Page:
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Yoshi Hates Castles

rated 3.90 / 5 stars
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Comedy - Parody

Credits & Info

Oct 1, 2012 | 6:30 AM EDT

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Author Comments

UPDATE: Thanks for daily 3rd! Also, I threw a NG reference in there that no one seems to have caught. That or it wasn't clever enough to comment on (which would make sense too).

For Movie Jam 2...

The theme we chose was 'Too Scared to Enter'.

Yes, I know. It's a tad late, but when you work in retail, they don't give a shit about animation deadlines.

Anyway, this is probably the most retarded thing we've ever done. Enjoy!

-Matt Hunter



Rated 5 / 5 stars

hillarious when mario gets killed LOLOLOL!

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Rated 4 / 5 stars



Rated 3 / 5 stars

more likely its M,but still good


Rated 5 / 5 stars

I liked the dead Castle Crasher. Nice touch.

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Rated 5 / 5 stars

To truly understand the brilliance of Yoshi Hates Castles, one must travel back to the glorious early days of cinema. The classic silent film Battleship Potemkin (Sergei Eisenstein, 1925) has been parodied in countless other works, and the iconic shot of the Nurse (her bloodied eyes piercing through the audience and her mouth hung ajar in utter horror at the surrounding chaos) is roundly regarded as the most influential and powerful closeup in movie history. And yet seeing Yoshi's face react to the unspeakable terrors that await inside the castle, I instantly recalled the famous Eisenstein shot, and for the first time in my life I've witnessed an artist eclipse it in both beauty and originality. By so successfully paying homage to the works of past geniuses, Matt Hunter has transcended the masters at their own game.

In a wonderful call-back to the Golden Age of the 1930s, Mr. Hunter evokes The Wizard Of Oz in the opening shot of Mario and his faithful steed gallivanting towards the nefarious castle. This evocation has been attempted in the past, but Mr. Hunter's animation skills are so refined that the scope and detail of the castle simply blows away the Emerald City set piece from Victor Fleming's masterpiece.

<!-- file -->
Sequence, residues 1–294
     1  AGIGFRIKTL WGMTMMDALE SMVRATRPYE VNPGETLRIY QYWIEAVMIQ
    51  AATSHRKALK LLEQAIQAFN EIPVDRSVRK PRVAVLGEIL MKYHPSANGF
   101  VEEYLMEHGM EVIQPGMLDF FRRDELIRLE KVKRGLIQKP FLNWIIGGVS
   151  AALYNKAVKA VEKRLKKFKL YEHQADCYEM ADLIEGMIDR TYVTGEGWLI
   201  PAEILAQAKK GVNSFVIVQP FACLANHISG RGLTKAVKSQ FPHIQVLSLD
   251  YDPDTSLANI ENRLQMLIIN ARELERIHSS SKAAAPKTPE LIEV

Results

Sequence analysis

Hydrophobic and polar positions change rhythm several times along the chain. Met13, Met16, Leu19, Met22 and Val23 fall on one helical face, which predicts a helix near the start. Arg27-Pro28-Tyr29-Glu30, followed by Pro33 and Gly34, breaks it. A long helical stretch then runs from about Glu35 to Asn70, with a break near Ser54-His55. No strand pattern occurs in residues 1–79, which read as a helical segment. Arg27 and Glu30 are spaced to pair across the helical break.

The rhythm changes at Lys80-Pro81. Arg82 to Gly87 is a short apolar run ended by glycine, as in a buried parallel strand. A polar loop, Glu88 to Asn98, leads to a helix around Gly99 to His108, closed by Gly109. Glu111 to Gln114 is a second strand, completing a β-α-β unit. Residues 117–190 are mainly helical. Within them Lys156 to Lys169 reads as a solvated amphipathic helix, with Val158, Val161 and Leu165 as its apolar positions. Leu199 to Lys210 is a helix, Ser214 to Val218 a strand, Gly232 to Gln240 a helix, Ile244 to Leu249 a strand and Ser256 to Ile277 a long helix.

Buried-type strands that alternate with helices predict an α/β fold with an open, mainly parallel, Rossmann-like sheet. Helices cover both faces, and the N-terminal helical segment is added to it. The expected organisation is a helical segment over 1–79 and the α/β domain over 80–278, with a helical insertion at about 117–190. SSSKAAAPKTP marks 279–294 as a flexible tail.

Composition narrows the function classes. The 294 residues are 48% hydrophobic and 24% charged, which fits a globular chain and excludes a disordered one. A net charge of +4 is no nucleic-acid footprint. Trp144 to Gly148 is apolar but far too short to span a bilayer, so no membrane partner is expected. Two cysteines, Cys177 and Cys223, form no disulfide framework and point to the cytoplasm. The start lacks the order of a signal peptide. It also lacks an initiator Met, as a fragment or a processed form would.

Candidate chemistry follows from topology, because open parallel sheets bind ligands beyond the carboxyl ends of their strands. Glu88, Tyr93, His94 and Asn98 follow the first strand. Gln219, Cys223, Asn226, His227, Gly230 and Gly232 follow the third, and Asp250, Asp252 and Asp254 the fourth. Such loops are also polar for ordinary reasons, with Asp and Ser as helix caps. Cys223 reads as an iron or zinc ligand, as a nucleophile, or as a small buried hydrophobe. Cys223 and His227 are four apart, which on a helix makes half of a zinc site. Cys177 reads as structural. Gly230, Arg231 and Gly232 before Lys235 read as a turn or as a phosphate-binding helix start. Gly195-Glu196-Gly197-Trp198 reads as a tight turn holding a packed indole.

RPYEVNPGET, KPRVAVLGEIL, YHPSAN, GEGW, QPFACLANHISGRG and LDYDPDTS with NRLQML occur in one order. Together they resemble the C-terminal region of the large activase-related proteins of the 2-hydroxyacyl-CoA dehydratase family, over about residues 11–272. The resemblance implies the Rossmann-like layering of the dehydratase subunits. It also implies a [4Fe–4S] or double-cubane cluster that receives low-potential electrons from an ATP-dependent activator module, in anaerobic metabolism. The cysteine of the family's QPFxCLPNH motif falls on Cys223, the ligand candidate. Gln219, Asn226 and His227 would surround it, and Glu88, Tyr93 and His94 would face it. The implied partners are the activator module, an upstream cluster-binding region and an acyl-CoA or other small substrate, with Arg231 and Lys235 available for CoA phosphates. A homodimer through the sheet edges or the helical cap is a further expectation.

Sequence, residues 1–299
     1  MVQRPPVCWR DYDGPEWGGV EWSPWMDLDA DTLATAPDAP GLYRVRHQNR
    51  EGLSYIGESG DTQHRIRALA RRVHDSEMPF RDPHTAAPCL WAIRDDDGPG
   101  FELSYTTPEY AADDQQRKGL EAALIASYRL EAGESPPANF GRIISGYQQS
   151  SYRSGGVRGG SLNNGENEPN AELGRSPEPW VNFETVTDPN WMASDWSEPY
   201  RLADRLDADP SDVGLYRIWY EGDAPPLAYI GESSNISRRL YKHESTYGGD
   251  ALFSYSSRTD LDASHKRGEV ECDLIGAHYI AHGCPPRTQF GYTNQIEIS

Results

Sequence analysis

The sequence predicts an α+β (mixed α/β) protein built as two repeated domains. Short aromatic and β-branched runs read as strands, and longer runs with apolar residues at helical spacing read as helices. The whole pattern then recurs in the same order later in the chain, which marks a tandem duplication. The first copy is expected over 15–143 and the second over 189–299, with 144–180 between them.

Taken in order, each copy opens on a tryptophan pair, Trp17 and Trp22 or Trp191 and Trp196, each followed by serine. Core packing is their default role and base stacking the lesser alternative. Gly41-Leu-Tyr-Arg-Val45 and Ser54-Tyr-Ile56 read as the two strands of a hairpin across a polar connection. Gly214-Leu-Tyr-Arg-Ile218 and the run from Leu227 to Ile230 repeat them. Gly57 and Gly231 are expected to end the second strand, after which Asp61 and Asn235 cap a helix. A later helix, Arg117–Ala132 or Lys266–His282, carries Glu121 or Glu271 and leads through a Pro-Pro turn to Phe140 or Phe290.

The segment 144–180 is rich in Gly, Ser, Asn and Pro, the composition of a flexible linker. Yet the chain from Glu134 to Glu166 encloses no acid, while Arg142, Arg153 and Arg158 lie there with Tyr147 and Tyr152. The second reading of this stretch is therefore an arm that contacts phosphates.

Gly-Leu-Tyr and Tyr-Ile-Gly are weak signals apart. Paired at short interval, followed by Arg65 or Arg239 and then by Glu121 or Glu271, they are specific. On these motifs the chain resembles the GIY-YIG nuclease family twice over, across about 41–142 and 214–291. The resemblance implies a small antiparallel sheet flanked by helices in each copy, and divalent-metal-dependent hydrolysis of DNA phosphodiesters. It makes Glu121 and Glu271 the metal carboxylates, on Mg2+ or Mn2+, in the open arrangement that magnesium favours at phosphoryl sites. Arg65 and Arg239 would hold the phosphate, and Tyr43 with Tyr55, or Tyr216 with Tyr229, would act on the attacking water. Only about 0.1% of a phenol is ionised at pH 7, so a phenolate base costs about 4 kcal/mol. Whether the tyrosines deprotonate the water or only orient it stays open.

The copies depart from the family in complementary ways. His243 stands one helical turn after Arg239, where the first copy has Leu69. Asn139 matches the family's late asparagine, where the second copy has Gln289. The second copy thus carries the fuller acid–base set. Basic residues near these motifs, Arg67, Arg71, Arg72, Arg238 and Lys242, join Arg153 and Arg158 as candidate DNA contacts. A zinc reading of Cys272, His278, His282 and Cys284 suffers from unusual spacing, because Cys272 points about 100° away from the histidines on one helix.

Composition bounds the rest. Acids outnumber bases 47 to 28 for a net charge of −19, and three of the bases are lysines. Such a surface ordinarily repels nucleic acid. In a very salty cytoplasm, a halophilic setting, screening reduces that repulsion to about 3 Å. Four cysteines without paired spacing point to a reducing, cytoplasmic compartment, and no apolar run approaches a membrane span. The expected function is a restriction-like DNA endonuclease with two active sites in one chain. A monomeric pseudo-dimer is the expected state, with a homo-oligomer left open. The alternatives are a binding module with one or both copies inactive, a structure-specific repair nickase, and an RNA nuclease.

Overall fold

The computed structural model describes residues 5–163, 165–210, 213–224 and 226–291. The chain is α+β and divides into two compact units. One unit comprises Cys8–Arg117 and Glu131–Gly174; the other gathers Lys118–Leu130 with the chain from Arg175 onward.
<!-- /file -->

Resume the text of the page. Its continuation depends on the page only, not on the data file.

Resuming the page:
The finale to Yoshi Hates Castles is a triumph of emotional honesty, subverting the viewer's expectations while also allowing the heretofore silent animal a welcome dose of three dimensionality and character development. And this is why the work is so important: it made me see the world in a new light. Before today, I never thought of Yoshi as an animal deserving of inalienable rights. He was simply a slave to Mario (and by extension the audience itself). And yet by bravely acknowledging the fears and insecurities of a defenseless dinosaur, Mr. Hunter has enlightened us to the true oneness of all living creatures in life.

It is somewhat ironic that by capturing an animal's refusal to enter a great (and intimidating) hall, Mr. Hunter has finally entered into the equally great (and intimidating) hall of Cinema Auteurs. It is in Yoshi Hates Castles that Matthew Hunter has finally reached the level of Bergman, Godard, Murnau, and Welles. A triumph.

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